Before Silent Songs, however, I sing the body electric opens with something all the more refreshing for its inclusion on a classical guitar record. John Cage’s In a Landscape for piano is a magnificently available and controlled piece written by a composer who so often mystified audiences with sound or the lack thereof, that was allowed to meander as it pleased. Duo Orfeo’s recording in certain ways allows this music to distinguish itself more than ever before, with the sustained electricity of two performers leading to crossroads that seem as fresh and happened-upon as some of Cage’s less accessible, indeterminate pieces. The thing is, for all its unconventional ingredients, I sing the body electric adds up to one completely accessible whole. In that sense, the conviction in Duo Orfeo’s performance of In a Landscape makes their playing of the music of Erik Satie later in the record unsurprising. The Trois Gnosiennes include some of the more intense thematic material touched on the record, but even those feature the smiling sense of retreat and aloofness so often present in the music of Satie. The Trois Gymnopédies have been played on guitar before by the likes of Christopher Parkening. Yet, the effect of having one performer patiently approach the pieces’ untraditional harmonies while the other can fully devote his attention to the grave, meek melodic material brings a previously unmatched level of subtlety and tenderness that is only accentuated by the submerged tone of electric guitar and reverb.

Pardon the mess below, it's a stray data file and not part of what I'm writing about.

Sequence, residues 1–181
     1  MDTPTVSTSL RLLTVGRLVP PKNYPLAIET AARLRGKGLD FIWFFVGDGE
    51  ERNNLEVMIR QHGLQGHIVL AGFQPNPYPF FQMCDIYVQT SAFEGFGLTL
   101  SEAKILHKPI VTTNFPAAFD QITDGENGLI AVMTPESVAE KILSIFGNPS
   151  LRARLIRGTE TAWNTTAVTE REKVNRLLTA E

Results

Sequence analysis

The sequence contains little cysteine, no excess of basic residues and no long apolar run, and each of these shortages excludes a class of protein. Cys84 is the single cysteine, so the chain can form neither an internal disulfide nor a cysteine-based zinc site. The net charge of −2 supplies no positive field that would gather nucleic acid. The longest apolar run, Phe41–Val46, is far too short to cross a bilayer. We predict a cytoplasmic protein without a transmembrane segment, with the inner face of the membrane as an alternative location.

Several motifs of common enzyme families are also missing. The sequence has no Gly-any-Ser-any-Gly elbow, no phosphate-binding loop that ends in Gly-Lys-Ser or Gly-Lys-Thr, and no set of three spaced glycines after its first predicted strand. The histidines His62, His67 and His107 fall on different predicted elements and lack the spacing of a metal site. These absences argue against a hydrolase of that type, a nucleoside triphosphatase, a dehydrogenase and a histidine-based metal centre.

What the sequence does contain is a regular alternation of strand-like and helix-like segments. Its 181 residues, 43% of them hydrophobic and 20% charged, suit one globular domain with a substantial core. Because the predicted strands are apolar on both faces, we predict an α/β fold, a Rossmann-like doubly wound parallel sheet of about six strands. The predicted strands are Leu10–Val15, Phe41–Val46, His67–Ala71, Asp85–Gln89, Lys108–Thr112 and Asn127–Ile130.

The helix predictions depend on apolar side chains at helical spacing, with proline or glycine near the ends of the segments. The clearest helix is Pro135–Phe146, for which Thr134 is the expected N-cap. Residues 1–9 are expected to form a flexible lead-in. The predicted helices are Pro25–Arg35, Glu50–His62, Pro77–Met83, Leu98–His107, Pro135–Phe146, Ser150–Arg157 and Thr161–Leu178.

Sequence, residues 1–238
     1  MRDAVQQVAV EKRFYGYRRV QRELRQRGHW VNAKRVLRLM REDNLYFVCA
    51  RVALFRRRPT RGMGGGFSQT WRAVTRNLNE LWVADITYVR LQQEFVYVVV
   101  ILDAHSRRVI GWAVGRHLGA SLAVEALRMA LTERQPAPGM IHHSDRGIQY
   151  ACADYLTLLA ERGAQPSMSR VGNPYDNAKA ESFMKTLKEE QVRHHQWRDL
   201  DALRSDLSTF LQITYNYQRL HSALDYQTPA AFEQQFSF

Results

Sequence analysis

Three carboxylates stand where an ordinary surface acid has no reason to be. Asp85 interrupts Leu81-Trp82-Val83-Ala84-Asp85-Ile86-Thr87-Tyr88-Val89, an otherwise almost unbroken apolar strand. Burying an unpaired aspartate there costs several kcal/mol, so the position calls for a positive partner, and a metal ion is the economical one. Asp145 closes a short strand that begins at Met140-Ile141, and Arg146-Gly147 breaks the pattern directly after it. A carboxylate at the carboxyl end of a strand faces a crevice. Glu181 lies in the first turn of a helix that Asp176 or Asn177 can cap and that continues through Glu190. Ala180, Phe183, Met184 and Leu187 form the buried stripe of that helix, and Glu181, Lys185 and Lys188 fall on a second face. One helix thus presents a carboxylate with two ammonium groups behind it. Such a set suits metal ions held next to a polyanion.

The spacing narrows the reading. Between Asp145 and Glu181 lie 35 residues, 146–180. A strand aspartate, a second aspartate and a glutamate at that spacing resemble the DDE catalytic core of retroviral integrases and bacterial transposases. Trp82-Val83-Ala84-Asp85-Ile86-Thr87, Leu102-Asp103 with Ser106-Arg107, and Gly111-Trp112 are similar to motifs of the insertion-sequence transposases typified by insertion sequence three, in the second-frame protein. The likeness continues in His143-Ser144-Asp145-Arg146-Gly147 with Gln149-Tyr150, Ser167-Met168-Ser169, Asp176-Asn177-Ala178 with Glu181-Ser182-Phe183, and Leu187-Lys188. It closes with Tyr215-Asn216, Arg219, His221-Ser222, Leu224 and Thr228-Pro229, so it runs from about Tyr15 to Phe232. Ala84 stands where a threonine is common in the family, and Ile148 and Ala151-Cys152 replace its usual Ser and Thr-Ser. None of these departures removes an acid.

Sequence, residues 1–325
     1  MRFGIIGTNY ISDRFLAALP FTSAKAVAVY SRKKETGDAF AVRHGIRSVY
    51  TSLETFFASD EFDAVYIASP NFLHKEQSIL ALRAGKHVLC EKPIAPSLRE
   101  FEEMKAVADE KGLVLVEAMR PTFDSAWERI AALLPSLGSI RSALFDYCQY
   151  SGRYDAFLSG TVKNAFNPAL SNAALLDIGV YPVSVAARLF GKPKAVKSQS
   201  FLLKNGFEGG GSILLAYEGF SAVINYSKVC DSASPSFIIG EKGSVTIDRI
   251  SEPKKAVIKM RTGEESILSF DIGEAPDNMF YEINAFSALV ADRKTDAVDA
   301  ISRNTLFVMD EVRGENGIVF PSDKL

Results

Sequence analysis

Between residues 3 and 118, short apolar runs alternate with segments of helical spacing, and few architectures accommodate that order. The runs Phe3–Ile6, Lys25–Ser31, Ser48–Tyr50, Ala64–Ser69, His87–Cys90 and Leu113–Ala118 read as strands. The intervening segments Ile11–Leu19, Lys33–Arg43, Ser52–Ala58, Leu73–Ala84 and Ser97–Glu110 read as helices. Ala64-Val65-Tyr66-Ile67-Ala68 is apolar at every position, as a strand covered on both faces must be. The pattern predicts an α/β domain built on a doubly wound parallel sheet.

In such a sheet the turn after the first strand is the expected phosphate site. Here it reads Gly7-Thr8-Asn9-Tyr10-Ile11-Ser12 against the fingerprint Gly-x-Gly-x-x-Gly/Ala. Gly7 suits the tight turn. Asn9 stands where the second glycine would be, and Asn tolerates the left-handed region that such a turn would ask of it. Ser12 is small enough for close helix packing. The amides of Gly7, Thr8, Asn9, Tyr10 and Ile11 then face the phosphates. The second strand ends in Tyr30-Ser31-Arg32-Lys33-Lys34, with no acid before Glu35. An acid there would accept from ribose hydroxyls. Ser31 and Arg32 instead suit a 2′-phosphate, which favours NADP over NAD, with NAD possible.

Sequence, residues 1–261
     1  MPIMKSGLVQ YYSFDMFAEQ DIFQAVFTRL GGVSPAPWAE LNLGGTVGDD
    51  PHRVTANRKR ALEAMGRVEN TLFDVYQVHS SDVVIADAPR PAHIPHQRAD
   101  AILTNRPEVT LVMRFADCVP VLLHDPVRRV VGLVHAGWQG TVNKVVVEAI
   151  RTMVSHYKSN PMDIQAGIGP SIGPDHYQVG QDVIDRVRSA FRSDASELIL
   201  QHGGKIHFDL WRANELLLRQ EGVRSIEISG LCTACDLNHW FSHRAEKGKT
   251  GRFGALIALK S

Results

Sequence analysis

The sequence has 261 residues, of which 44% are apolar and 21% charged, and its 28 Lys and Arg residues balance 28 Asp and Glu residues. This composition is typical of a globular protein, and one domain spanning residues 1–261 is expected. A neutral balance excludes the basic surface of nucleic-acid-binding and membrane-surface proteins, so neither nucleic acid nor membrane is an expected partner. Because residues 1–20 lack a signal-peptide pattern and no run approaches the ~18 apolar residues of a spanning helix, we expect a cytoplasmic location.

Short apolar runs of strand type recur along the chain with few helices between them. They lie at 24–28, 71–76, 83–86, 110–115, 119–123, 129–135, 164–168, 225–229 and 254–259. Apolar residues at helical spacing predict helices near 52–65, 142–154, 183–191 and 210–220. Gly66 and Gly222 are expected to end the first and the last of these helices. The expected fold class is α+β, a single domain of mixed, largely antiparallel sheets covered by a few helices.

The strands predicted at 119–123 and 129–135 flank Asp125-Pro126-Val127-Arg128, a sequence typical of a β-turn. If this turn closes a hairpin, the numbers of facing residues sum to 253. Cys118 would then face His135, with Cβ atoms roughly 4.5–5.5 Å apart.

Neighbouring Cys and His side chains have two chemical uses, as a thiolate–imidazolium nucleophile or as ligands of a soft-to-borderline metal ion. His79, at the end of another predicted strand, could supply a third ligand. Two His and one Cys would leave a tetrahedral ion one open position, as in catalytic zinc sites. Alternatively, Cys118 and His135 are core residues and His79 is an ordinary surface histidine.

I sing the body electric offers a veritable hodge-podge of things for a listener to absorb. It’s classical guitar. It’s electric guitar. It’s minimalist. It’s ambient. How does an enthusiast of any combination of these things approach this record? There’s a really refreshing answer, and on Spiegel Im Spiegel, I sing the body electric’s finale, it becomes crystal clear. It’s all of the above, beyond the hollowness of novelty, flash, and crowd-pleasing. The love, patience, and aura that exudes from this piece by Estonian composer Arvo Pärt, and the extremely sensitive work of arranging done by Ricker (with, remarkably, input by Pärt himself), sets all previous questions aside about whether Duo Orfeo has bastardized a classical idiom with electric means, or vice versa. The truth in Spiegel Im Spiegel as well as Pärt’s Fratres, which appears earlier on the record, would totally expose any kind of disingenuousness on the part of the performers or the practice behind it. And as heroic and exciting as Pärt on guitar may seem to a fan of Pärt, or a fan of guitar (or hopefully both) the tintinnabuli compositional technique employed in both pieces which calls for diatonic melodic motion against triadic arpeggios, has really, when you think about it, been done on electric guitars about quintillion times. Just never like this. With Fratres and particularly Spiegel Im Spiegel, the electric pathways blazed by Duo Orfeo meet to create a singular whole that bounces and undulates in the most unplugged, organic of ways, even if they did need to literally plug in to play them. To refer back to Whitman, Balmer and Ricker have taken pieces of music that would not let them go, and “charged them with the charge of the soul,” something that far outweighs the charge of a couple of electrical outlets.
Visit http://www.duoorfeo.com for more information or to purchase I sing the body electric in physical form or digital download.